It’s also important to know, with grace and tact, how to say no. Most of us default to “yes” because we don’t want to seem rude or unfriendly or unhelpful. Unfortunately, that also means we default to taking on more than we want or can handle. Maybe your response will be as simple as what I plan to use, “I’m sorry, but I just don’t have time.”

Whatever yours is, rehearse so it comes naturally. That way you won’t say yes simply because you think you should; you’ll say yes because you think it’s right for you.

2. Set limits. Deadlines and time frames establish parameters, but typically not in a good way. We instinctively adjust our effort so our activities take whatever time we let them take. Tasks should only take as long as they need to take–or as long as you decide they should take.

Pick a task, set a time limit, and stick to that time limit. Necessity, even artificial necessity, is the mother of creativity. I promise you’ll figure out how to make it work.

3. Rework your nighttime routine. Every day the first thing you do is the most important thing you will do: It sets the tone for the rest of the day.

Prepare for it the night before. Make a list. Make a few notes. Review information. Prime yourself to hit the ground at an all-out sprint the next day; a body in super-fast motion tends to stay in super-fast motion.

4. Rework your morning routine. Then make sure you can get to that task as smoothly as possible. Pretend you’re an Olympic sprinter and your morning routine is like the warm-up for a race. Don’t dawdle, don’t ease your way into your morning, and don’t make sure you get some “me” time (hey, sleep time is me time). Get up, get cleaned up, get fueled up–and start rolling.

5. Rework one repetitive task. Think of a task you do on a regular basis. Now deconstruct it. Make it faster. Or improve the quality. Pick something you do that has become automatic and actively work to make it better.

Even if you only save five minutes, that’s five minutes every time.

6. Outsource one task. I was raised to think that any job I could do myself was a job I should do myself. Starting next week the kid down the street will cut my grass. He can use the money. I can use the time.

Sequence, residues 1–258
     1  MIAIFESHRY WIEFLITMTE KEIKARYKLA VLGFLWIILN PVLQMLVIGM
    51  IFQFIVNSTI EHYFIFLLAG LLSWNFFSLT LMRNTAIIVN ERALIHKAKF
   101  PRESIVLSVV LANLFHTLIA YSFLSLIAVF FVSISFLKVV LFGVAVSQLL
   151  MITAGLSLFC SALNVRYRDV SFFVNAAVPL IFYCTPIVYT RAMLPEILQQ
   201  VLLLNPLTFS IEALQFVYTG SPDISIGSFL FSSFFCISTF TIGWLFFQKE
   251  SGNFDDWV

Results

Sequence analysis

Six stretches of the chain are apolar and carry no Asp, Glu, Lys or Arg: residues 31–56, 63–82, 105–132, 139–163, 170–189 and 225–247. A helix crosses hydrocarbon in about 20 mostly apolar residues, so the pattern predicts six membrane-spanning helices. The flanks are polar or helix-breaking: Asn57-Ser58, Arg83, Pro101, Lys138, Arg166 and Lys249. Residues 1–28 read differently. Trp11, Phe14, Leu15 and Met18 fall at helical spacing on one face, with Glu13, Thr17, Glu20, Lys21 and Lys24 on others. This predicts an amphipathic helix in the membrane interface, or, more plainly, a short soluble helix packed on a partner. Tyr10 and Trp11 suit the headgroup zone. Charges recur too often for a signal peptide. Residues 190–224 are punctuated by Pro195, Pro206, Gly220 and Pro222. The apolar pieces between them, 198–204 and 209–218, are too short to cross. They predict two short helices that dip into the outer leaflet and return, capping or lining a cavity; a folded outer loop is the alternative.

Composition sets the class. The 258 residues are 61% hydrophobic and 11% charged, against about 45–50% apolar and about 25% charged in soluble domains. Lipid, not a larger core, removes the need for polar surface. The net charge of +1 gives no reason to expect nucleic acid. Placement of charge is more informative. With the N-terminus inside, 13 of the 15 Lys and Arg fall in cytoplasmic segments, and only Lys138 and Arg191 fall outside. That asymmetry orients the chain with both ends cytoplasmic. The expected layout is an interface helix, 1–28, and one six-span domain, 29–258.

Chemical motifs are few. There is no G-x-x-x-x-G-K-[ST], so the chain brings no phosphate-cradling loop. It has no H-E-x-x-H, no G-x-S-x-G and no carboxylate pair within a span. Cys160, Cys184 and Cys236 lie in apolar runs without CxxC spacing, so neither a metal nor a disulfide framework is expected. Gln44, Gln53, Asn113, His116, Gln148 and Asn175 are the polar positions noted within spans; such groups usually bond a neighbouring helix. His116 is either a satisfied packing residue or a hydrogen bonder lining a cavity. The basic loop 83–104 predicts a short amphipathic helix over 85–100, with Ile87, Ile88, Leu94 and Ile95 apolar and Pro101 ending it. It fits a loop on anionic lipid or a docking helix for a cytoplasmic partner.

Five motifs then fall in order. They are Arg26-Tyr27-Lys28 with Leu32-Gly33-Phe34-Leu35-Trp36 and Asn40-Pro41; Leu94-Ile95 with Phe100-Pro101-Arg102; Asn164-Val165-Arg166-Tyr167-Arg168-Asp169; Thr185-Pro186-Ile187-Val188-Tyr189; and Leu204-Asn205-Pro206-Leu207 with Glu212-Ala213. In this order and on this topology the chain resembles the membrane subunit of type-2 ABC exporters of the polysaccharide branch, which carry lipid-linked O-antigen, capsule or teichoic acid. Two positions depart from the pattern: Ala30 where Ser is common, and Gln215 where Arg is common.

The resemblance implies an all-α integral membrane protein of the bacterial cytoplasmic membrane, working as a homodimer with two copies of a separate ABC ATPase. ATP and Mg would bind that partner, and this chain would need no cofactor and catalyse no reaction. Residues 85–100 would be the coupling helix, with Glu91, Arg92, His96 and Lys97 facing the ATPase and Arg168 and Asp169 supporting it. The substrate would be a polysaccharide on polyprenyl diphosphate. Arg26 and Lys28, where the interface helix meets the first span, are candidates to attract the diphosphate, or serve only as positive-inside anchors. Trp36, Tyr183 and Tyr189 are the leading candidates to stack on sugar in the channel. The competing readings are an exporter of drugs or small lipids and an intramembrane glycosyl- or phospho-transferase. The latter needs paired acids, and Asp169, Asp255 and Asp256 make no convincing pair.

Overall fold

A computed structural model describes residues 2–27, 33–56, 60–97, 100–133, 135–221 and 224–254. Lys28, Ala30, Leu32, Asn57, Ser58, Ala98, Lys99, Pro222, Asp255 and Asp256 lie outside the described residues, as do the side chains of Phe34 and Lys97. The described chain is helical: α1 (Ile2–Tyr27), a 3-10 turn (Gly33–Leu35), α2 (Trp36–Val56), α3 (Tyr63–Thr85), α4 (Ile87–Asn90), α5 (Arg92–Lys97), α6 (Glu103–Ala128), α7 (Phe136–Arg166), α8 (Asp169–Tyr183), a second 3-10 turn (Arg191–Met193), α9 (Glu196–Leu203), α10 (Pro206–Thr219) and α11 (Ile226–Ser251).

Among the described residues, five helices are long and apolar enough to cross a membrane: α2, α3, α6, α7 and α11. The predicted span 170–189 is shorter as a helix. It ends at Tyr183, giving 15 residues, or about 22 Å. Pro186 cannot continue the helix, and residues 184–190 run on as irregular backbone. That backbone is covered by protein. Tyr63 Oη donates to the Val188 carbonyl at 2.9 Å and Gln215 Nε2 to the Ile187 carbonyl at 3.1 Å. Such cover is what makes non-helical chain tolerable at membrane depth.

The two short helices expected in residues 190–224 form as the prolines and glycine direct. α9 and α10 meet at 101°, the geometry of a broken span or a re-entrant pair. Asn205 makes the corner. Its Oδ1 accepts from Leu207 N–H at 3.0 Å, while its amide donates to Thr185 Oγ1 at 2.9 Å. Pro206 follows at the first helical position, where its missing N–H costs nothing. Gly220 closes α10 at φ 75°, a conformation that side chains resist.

7. Fix that one thing you often screw up. I’m terrible about putting meetings and phone calls on my calendar. I figure I’ll get to it later and then I never do. I spend way too much time, often in a panic, trying to figure out when and where and who…

You probably have at least one thing you tend to mess up. Maybe you don’t file stuff properly. Maybe you put off dealing with certain emails and then forget them. Maybe you regularly find you’re unprepared for a call or meeting. Whatever your “thing” is, fix it. You’ll save time and aggravation.

8. Pick one task during which you won’t multi-task. Plenty of research says multi-tasking doesn’t work. Some research says multi-tasking actually makes you stupid. Maybe you agree. Maybe you don’t. Either way, I feel sure there is at least one thing you do that is so important you should never allow a distraction or a loss of focus.

Choose an important task and when you perform it turn everything else off. Focus solely on that task.

I think there is good sound advice here for lawyers and if you would put each and everyone into practice imagine how productive you could be… it’s likely to be life changing. Why not give it a try? I know I will!

If you are a frequent reader of my blog you know that I have a motto for business development… Do Something Every Single Day! Creating a business development habit is key to building a book of business. But along with that we must look at the habits that we have acquired along the way that are counter-productive to building a book of business. Inc. Magazine contributor Jeff Haden writes about those little annoying things and the not-so-productive things we should consider NOT doing. He advises…

Every day, make the commitment not to:

1. Check my phone while I’m talking to someone. You’ve done it. You’ve played the, “Is that your phone? Oh, it must be mine,” game.

Want to stand out? Want to be that person everyone loves because they make you feel, when they’re talking to you, like you’re the most important person in the world? Stop checking your phone.

2. Multitask during a meeting. The easiest way to be the smartest person in the room is to be the person who pays the most attention to the room.

You’ll be amazed by what you can learn, both about the topic of the meeting and about the people in the meeting if you stop multitasking and start paying close attention. You’ll flush out and understand hidden agendas, you’ll spot opportunities to build bridges, and you’ll find ways to make yourself indispensable to the people who matter. It’s easy, because you’ll be the only one trying.